Robert Kay served in the Air Force during the Korean War, the Vietnam War, and through much of the Cold War. A resident of South Carolina, he came to the D.C. area this week for the first time in 40 years with his wife to visit the memorials honoring his friends who died in service. His wife’s father died in World War II, and she was hoping to visit the memorial honoring his sacrifice.

But on Tuesday around 10 a.m., Kay was walking around the Mall alone, hoping to get as close as possible to any of the memorials, which the National Park Service closed this morning. His wife opted to stay back at their hotel in Alexandria. “I’m glad she didn’t come, she would have been very disappointed,” he said. (Later in the morning, the Post reports, a group of veterans from Mississippi stormed the World War II Memorial, apparently without resistance from the National Park Police.)

“I’ve been waiting to see them for a long time,” Kay said of the memorials. “But I’ve been through worse things than this.”

This was pretty much the scene on the National Mall early Tuesday—-a small number of tourists wandering around, trying to catch glimpses of whichever monuments they could, looking for anything that was open.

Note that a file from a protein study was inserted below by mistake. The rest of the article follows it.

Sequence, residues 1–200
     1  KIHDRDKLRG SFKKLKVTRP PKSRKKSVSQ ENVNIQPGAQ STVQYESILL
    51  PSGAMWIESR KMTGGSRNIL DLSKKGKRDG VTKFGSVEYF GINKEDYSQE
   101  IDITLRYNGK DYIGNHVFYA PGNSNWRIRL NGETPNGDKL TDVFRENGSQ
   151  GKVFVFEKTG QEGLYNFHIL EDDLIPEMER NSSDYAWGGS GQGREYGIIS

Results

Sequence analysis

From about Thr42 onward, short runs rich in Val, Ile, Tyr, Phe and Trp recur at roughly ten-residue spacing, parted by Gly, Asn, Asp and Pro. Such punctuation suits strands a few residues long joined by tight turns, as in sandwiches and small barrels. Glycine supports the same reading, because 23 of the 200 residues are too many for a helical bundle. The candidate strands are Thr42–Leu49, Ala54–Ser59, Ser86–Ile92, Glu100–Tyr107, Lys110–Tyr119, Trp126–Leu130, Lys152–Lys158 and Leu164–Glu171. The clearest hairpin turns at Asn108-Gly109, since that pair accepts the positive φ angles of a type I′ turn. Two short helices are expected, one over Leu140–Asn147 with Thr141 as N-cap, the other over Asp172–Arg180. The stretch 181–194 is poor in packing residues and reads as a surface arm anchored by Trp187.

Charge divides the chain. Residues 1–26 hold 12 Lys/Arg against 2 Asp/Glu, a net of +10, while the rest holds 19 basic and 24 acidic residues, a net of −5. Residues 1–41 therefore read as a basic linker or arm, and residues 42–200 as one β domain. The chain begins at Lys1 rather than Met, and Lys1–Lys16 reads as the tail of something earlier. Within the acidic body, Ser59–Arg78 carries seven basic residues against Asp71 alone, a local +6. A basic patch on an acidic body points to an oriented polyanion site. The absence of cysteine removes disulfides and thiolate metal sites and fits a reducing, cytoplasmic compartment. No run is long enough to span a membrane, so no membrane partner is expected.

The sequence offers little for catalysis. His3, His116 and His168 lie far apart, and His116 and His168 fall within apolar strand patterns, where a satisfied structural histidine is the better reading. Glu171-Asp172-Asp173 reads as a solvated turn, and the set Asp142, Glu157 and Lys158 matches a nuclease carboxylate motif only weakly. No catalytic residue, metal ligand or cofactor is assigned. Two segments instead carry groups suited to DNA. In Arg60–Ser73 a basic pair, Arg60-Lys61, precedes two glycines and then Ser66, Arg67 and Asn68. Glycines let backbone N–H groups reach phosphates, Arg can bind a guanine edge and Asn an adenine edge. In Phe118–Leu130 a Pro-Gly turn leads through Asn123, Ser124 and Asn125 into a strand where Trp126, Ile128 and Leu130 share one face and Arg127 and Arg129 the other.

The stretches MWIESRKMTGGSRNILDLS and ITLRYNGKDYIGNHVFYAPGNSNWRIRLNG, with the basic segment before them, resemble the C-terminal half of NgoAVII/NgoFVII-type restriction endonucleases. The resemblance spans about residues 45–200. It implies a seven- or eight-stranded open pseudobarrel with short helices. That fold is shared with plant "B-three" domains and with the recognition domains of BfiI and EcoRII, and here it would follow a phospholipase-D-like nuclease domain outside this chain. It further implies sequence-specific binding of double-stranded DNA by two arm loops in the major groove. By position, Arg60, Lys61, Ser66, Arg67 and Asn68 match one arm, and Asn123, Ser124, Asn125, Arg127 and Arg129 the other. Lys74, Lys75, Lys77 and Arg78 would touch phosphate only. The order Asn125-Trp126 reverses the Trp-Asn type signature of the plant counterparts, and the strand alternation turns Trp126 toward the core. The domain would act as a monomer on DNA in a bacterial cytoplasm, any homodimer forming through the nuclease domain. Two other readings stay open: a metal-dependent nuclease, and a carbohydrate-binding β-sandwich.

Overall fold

“I’m just wandering aimlessly looking to find something to do,” Jessica Ehrgott, visiting from Denver, said.  

Most people on the Mall seemed to know that the government was shut down and the museums had closed—-except one foreign tourist who ran up the stairs of the Natural History Museum and seemed confused about why it was closed—-but with tickets to D.C. booked long in advance, they opted to come anyway.

Dan Nicoloff had been planning his trip for three months and rode his motorcycle in from Buffalo. He was scheduled to camp out in Shenandoah National Park with a friend tomorrow night, but will have to find somewhere else to stay, since the park is also shut down.

Another woman was visiting from Chicago with a friend who had flown in from Tokyo to see the “worldwide famous” Smithsonian museums. She was afraid the shutdown would occur, but didn’t want to waste her tickets.

She declined to give her name, explaining that all she wanted to do was blame the Republican Party.

Photo by Darrow Montgomery